Congress introduces security breach bills

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Members of Congress introduced security breach bills during the first half of the month, and the industry is watching the action closely to see if a federal bill will be passed.

In the Senate, Sen. Patrick Leahy (D-VT), chairman of the Senate Judiciary Committee, and Sen. Arlen Specter (R-PA), ranking member of the same committee, introduced on Feb. 6 a revised version of their Personal Data Privacy Act that was approved by the Senate Judiciary Committee last year but died before a floor vote. A key feature of the legislation, S. 495, includes increasing criminal penalties for identity theft involving electronic personal data and making it a crime to intentionally or willfully conceal a security breach involving personal data.

"We've been in favor of a national standard in security breaches for a long time, and we expect a security breach bill to be passed in Congress this session," said Jerry Cerasale, senior vice president of government affairs for the Direct Marketing Association.

A security breach bill was also introduced in the House on Feb. 8 by Reps. Bobby Rush (D-IL) and Cliff Stearns (R-FL). The bill, The Data Accountability and Trust Act (DATA), HR 958, which is currently in the Energy and Commerce committee, says that any business that houses personal information must implement specific security practices, including methods for dealing with disposal of "obsolete" information. The bill would also mandate notification requirements in the event of a breach of personal data.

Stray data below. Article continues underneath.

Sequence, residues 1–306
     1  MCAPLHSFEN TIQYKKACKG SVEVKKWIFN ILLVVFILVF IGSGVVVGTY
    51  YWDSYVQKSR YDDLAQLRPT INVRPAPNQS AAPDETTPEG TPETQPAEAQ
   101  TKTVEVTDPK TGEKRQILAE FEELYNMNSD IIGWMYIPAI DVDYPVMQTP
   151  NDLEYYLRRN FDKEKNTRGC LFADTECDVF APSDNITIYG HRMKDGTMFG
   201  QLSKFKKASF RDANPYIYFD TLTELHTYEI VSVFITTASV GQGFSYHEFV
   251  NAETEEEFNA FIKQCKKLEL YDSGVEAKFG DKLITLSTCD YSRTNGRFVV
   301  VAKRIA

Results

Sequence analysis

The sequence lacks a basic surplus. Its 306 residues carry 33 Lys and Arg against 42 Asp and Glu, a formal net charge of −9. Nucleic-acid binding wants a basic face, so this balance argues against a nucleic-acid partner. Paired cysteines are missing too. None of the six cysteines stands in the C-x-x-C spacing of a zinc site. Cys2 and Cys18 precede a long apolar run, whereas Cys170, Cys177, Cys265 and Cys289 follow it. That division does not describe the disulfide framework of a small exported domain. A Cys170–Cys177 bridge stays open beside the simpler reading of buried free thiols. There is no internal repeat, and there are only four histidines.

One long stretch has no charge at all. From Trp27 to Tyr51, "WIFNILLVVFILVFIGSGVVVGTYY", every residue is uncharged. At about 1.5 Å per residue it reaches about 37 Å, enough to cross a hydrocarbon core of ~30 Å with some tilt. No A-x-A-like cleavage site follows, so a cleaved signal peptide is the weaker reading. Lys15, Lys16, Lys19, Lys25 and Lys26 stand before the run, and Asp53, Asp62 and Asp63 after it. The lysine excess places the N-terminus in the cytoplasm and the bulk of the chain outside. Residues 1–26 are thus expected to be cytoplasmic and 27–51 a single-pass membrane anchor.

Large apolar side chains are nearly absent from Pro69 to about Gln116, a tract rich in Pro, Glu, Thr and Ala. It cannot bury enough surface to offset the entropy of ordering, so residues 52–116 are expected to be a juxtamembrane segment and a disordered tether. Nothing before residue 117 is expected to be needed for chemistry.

Mr. Cerasale said that the DMA has worked hard to make sure that marketing data is not covered in either bill.

"We want to make sure that if I buy a 'Save the Children' tie, that you can't steal my identity with that information," Mr. Cerasale said. "Our push is to ensure that marketing data is not included within the scope of notification."

The House bill allows for access and correction, meaning marketers must let consumers access or change data.

"This is something we oppose because we see this as a possible security risk rather than a security enhancement," Mr. Cerasale said. "If consumers can go in and get or change data, crooks may be able to go in and change data as well. [The function] takes away a tool to help marketers nip identity theft in the bud."

Mr. Cerasale, however, said that the DMA is working with Congress on both bills and hopes the right one will be passed.

"It's not like we are miles apart in agreement," he said. "We are dealing with a few issues and we are going to be working hard on this and hope to get it solved soon."
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